Figure 9. High galloping (HG) oscillation characteristics 8 Ω ≤ R L ≤ 13 Ω (0.208 ≤ ζ ≤ 0.305):
Figure 9. High galloping (HG) oscillation characteristics 8 Ω ≤ R L ≤ 13 Ω (0.208 ≤ ζ ≤ 0.305):

Flow Structure and Heat Transfer of Jet Impingement on a Rib-Roughened Flat Plate

Numerical Methodology

At low Reynolds numbers, there will be no difference in the value of the Nusselt number. Figure 3 shows the geometry and meshing strategy used in the case of a rough flat plate. A very fine mesh in the direction normal to the heated surface was used, as well as roughness elements to ensure the correct functionality of the turbulence model, especially the low Reynolds numbers that required a dimensionless distance between the wall and the first node less than unity.

The cell growth rate near the heated surface, where all the heat transfer takes place, was no greater than 1.2 in the direction normal to the heated surface.

Figure 1. Geometry and computational domain.
Figure 1. Geometry and computational domain.

Results and Discussion 1. Simulation Characteristics

Depending on the velocity gradients, the location of the fins can have a different impact on the flow physics and heat transfer rate. For e≥1 mm, another Nupeak occurs just ahead of the rib, due to recirculation of the flow ahead of the rib that increases the heat transfer rate in this region. It is argued that the maximum increase in the heat transfer rate was achieved when the fin was installed at a location close to the boundary between the stagnation region and the wall current region, at R/D = 2.

Experimental investigation of impinging heat transfer on a flat plate with depressions with different cross-flow schemes. International

Figure 4. Nusselt number distribution for three mesh grids, jet-to-target distance H/D = 6, R e = 10,000.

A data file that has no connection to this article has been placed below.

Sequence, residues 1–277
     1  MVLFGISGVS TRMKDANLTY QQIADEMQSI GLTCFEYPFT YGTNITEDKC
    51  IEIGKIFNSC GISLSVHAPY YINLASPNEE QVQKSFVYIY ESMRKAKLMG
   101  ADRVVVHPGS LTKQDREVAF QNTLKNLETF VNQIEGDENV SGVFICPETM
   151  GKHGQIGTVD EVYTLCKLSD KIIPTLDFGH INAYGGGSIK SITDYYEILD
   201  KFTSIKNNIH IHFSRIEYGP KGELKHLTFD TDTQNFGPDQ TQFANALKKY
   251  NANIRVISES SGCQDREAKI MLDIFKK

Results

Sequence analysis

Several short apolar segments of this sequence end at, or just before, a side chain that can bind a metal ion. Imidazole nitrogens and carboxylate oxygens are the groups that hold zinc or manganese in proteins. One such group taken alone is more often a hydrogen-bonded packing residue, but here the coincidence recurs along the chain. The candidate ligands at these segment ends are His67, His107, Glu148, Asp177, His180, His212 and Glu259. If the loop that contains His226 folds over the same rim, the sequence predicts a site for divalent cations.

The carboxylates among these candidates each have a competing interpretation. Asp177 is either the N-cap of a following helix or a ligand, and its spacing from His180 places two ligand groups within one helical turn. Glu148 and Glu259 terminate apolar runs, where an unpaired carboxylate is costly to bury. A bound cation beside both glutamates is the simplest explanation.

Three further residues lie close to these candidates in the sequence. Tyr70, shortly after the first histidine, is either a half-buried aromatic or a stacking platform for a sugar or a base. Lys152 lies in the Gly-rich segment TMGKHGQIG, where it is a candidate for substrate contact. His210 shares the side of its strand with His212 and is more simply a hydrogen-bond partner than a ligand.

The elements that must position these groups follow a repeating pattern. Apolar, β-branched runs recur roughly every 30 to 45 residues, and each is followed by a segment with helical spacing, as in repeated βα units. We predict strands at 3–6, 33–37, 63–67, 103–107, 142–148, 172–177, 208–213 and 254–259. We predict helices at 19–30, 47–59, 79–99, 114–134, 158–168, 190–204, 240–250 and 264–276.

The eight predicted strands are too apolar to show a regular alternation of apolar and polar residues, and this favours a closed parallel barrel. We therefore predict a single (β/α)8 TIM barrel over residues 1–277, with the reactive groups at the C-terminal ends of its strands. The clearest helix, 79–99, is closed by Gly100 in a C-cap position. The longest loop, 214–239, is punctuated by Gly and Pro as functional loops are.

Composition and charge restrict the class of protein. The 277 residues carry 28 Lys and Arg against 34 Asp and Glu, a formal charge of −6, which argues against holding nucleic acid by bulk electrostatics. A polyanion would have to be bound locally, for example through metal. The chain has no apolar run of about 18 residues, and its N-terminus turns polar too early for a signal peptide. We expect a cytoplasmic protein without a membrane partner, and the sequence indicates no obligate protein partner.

Figure 4. Nusselt number distribution for three mesh grids, jet-to-target distance H/D = 6, R e = 10,000.

Numerical Study on Thermal Hydraulic Performance of Supercritical LNG in Zigzag-Type Channel PCHEs

Numerical Approach

In this study, the thermal hydraulic performance of supercritical LNG in zigzag PCHE is investigated. In this paper, we only study the performance of supercritical LNG in the cold channel. Therefore, as shown in Figure 2 , the thermal properties of supercritical LNG were approximated as piecewise-polynomial functions of temperature.

The effect of grid numbers on the convection heat transfer coefficient is shown in Table 4.

Figure 1. Schematic diagram of the physical model: (a) Schematic diagram of cross flow printed circuit heat exchanger (PCHE) model; (b) The computational single channel and boundary conditions; (c) Top view of zigzag channel.
Figure 1. Schematic diagram of the physical model: (a) Schematic diagram of cross flow printed circuit heat exchanger (PCHE) model; (b) The computational single channel and boundary conditions; (c) Top view of zigzag channel.

Results and Discussion

As shown in Figure 11 , the local convection heat transfer coefficient and pressure drop increase significantly when the mass flow increases due to the increase in turbulent flow. When the mass flow increases by 2 times, the local heat transfer coefficient increases by 1.4 times, while the pressure drop increases by 3.3 times. Therefore, the local convection heat transfer coefficient decreases with decreasing inlet pressure along the flow direction.